VIDEO of the crash and the rescue. Matt Guthmiller interviews David Lesh 8/21/2019.
Yesterday, (August 19, 2019, 17:54) David Lesh had an inflight engine failure, landed his plane in the Pacific Ocean, and was rescued by the Coast Guard. They caught it all on camera.
Beechcraft Bonanza 36
Matt Guthmiller is a speaker, world record setting aviator, entrepreneur, filmmaker, and MIT alumnus.
In 2014 at age 19, he set the Guinness World Record for the youngest person to solo circumnavigate by aircraft, flying 30,000 miles in a small, single-engine plane — alone.
Now he travels the country speaking about his experiences and shares his latest flying adventures in a new hit YouTube series. Beyond YouTube, N367HP LLC produces aviation content for other platforms and clients around the world, as well as the Trusty Pilot guide to aviation destinations.
National Transportation Safety Board Aviation Accident Preliminary Report ~ 2/1/2021
This is preliminary information, subject to change, and may contain errors. Any errors in this report will be corrected when the final report has been completed.
Location: Half Moon Bay, CA
Date & Time: August 19, 2019, 17:54 Local
Aircraft: Beech 36
Flight Conducted Under: Part 91: General aviation – Personal
Accident Number: WPR19LA238
On August 20, 2019, at 1754 Pacific daylight time, Beech A36 airplane, N134P, descended into the Pacific Ocean about 7 nautical miles (nm) southwest of Half Moon Bay, California. The private pilot and passenger were not injured; the airplane sank and was destroyed. The airplane was registered to the pilot who operated it as a Title 14 Code of Federal Regulations Part 91 personal flight. Visual meteorological conditions prevailed, and no flight plan was filed for the local flight which departed from Reid-Hillview Airport of Santa Clara County (RHV) San Jose, California at 1722.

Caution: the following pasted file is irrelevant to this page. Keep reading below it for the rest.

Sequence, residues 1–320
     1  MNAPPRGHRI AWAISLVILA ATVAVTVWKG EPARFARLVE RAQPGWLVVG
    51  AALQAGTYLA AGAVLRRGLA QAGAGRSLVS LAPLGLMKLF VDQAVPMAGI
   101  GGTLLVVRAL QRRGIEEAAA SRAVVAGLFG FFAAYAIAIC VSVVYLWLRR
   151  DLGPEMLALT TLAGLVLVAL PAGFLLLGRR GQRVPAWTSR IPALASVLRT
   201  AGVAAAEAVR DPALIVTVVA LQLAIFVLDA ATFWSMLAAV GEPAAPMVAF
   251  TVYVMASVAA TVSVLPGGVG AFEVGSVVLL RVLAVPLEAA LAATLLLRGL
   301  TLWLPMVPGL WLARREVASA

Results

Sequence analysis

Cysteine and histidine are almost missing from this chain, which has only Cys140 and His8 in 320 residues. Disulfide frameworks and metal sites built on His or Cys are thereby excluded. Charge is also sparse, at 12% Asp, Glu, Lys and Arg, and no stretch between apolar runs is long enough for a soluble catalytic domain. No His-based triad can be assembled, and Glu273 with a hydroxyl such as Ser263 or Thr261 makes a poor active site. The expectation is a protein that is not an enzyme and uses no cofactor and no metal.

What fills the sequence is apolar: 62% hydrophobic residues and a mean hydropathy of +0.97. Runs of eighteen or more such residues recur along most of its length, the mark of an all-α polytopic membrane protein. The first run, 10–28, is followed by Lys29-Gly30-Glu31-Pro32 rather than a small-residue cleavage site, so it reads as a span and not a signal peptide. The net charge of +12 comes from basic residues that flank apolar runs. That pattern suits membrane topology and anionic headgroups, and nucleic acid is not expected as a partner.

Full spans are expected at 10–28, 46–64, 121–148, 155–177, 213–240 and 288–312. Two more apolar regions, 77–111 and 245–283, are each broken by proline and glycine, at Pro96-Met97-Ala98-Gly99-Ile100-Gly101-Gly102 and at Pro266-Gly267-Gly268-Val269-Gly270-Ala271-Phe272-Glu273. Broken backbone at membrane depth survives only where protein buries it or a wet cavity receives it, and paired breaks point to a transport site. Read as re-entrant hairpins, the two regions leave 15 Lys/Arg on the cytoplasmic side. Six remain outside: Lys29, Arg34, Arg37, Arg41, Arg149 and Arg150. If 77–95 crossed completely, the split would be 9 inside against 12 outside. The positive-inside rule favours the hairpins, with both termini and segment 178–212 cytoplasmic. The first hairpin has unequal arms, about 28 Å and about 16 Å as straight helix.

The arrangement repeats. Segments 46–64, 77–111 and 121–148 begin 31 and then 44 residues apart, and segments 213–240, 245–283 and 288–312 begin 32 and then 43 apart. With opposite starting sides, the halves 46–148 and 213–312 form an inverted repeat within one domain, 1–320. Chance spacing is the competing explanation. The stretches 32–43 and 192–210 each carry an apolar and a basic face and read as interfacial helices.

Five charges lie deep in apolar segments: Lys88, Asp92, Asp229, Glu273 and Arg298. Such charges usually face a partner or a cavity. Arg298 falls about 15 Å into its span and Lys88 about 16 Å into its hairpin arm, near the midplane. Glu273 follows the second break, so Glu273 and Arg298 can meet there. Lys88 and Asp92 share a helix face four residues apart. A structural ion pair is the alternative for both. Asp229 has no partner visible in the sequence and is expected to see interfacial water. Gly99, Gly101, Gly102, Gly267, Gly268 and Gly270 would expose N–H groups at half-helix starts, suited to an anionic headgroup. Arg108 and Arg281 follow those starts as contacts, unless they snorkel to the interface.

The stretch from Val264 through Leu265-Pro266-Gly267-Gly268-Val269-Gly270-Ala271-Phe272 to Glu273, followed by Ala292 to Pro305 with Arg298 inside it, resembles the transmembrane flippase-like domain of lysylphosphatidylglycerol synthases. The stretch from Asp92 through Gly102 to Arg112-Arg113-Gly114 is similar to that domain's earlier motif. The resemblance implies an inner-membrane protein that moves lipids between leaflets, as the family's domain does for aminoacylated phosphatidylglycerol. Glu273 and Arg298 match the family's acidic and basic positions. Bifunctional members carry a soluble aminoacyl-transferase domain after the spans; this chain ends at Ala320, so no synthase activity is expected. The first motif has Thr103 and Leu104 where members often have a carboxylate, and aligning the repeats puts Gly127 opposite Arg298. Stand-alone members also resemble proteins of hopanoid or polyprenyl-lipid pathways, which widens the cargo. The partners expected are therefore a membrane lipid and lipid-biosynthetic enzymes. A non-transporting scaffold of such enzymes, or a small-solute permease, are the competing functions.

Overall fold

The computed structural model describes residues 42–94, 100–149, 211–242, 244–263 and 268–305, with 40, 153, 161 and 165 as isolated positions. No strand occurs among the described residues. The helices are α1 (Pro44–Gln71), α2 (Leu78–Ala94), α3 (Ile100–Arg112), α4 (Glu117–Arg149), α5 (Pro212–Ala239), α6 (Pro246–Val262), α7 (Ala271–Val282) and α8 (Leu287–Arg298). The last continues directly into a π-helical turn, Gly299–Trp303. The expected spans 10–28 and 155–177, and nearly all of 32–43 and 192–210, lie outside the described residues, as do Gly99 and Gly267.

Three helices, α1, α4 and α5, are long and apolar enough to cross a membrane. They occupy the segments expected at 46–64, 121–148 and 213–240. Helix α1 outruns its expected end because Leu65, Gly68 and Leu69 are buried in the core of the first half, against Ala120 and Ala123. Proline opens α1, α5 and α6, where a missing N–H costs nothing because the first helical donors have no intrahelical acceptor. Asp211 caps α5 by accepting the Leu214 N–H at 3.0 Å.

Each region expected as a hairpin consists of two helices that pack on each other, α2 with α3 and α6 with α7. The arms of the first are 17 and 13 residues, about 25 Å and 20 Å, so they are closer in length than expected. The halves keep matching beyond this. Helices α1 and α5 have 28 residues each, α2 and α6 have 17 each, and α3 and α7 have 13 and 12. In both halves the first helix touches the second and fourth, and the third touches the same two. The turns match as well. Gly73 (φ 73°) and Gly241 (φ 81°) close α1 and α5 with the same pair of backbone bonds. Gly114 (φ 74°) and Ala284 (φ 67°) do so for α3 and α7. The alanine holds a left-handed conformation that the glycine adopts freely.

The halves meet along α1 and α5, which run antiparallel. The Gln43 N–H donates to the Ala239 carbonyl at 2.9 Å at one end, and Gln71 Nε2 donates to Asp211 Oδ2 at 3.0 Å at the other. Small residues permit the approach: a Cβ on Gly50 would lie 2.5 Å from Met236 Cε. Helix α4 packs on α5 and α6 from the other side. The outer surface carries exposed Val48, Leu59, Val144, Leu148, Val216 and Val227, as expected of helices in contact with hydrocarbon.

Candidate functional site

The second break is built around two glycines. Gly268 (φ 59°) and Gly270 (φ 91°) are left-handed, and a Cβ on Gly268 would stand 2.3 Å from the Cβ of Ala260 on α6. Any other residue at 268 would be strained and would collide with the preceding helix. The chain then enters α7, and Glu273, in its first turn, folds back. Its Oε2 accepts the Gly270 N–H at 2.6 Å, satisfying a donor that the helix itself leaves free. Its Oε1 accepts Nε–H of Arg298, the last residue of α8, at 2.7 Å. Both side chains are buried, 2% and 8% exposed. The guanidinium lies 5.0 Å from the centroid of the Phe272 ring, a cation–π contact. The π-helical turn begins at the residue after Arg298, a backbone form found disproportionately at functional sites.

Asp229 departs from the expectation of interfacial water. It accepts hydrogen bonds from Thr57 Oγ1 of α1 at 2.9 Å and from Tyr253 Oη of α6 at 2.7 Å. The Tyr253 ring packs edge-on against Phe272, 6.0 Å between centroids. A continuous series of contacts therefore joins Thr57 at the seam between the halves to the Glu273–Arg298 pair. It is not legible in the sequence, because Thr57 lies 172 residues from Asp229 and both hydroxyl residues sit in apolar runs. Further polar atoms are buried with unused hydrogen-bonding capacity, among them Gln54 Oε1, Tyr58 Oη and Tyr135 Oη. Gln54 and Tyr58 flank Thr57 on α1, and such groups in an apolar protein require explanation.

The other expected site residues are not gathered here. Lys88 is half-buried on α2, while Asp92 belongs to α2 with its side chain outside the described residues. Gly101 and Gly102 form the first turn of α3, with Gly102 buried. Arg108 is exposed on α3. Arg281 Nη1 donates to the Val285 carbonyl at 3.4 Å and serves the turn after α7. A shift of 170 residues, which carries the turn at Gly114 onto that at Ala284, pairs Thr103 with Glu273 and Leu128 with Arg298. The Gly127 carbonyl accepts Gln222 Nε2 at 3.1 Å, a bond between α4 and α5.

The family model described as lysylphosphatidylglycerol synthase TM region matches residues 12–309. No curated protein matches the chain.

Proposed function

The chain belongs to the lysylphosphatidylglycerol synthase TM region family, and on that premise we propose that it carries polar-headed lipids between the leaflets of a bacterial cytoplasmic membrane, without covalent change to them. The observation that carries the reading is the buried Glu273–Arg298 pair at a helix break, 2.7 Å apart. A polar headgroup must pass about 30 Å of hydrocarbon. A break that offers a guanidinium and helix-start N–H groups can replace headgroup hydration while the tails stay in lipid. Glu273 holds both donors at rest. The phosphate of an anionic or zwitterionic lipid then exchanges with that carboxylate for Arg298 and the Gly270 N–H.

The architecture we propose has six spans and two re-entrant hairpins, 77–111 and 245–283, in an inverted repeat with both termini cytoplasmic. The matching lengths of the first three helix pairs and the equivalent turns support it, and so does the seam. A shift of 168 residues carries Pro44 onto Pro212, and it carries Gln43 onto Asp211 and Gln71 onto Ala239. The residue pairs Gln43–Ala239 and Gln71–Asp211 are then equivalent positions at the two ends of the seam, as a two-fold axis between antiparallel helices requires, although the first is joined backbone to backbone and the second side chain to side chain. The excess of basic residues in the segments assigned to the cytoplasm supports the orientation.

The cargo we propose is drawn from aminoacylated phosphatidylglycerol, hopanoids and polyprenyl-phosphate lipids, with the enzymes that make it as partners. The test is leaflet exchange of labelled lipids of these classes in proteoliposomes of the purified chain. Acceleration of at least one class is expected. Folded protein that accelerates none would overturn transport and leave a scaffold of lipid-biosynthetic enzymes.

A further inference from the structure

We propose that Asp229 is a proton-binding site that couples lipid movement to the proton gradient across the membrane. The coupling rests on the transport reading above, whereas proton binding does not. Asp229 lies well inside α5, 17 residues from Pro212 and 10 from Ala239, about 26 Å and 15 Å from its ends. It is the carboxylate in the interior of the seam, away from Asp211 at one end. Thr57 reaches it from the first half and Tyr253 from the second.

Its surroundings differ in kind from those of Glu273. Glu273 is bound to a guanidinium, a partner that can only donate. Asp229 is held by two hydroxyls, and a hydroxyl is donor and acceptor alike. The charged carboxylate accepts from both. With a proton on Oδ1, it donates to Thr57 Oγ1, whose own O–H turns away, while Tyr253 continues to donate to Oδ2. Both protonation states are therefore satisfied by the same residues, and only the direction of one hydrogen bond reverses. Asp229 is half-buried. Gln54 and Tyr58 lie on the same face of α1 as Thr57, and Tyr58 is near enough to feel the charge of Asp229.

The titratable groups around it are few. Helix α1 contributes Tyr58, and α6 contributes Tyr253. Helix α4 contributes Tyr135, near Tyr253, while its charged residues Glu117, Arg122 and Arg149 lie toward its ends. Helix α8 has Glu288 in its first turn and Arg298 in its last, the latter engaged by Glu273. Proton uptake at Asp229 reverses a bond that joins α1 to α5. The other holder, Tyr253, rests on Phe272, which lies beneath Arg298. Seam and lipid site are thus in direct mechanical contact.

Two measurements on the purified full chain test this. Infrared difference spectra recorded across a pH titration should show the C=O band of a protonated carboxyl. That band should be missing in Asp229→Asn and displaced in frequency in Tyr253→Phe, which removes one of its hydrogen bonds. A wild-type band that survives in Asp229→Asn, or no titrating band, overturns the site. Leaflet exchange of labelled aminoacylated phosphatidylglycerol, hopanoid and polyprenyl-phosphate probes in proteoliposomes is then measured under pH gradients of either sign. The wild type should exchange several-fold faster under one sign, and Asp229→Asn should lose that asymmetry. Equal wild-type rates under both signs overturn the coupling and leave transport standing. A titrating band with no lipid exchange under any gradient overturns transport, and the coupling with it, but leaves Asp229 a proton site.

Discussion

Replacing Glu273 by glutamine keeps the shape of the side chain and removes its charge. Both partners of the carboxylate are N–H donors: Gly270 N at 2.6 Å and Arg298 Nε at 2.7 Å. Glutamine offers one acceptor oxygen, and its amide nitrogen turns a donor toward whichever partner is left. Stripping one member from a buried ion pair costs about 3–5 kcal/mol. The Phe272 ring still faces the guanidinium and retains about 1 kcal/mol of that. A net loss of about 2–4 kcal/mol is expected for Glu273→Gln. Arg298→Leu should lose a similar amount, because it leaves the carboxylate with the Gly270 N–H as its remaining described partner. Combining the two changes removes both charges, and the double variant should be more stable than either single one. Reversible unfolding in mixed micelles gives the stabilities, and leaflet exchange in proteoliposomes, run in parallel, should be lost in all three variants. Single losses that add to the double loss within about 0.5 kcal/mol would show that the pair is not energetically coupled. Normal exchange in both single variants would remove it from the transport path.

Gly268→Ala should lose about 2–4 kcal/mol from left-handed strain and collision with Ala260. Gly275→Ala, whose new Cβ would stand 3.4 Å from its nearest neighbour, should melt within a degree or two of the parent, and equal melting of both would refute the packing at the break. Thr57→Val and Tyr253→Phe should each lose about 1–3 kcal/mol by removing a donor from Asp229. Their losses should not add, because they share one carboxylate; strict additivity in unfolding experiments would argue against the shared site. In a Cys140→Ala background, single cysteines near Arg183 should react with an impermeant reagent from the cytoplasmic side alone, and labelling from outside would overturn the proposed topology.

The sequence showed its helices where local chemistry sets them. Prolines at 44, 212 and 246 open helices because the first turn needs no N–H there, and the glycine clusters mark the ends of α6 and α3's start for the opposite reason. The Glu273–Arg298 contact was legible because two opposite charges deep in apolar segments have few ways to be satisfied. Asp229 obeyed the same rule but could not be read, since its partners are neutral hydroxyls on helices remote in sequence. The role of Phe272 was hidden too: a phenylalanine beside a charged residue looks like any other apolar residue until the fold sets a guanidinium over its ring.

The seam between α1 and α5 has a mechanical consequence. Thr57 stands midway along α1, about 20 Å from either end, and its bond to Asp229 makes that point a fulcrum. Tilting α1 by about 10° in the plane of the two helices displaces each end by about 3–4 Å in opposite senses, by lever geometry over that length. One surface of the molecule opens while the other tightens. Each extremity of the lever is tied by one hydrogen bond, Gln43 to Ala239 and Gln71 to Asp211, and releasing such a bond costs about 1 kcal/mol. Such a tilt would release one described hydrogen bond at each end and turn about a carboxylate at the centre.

About 1520, the day before the accident, the pilot added 66 gallons of fuel at North Las Vegas Airport, Las Vegas, Nevada. Thereafter, he flew to RHV and landed, and then continued to Hayward Executive Airport, Hayward, California (HWD). He estimated that the flight was about 2-2.5 hours and recalled having to use the electric boost pump (on the “LO” setting) during the climb out of RHV which he attributed to needing because of the hot outside air temperatures. After landing at HWD about 2030, he refueled the airplane, filling the main fuel tanks by adding 20 gallons (the tip tanks were empty).
The morning of the accident the pilot performed a preflight inspection of the airplane. During the preflight he recalled sumping both the left and right fuel tanks (could not remember if he used the sump in the nose). He had to sump each tank 4 to 5 times before the fuel was clear from “flakey black sediment.” He thought this was more debris than usual but was not alarmed because he was finally able to sump clean fuel.
The pilot tookoff and landed at RHV to pick up a passenger and departed about 1125, landing at Monterey Regional Airport, Monterey California about 1200. During the departure from RHV, the pilot observed the fuel flow gauge showing an unstable flow oscillating and decreasing from 16 to 11 gallons per hour (gph). He switched the fuel boost to “LO” which appeared to alleviate the problem. The pilot departed Monterey about 1550 and landing at 1600 on the turf runway at Monterey Bay Academy Airport, Watsonville, California. He departed about 1630 and landed at RHV to drop off one of his passengers. That passenger, who was also a pilot, was planning to fly a Cessna 182, in tandem with the accident airplane with the purpose of them taking pictures of one another.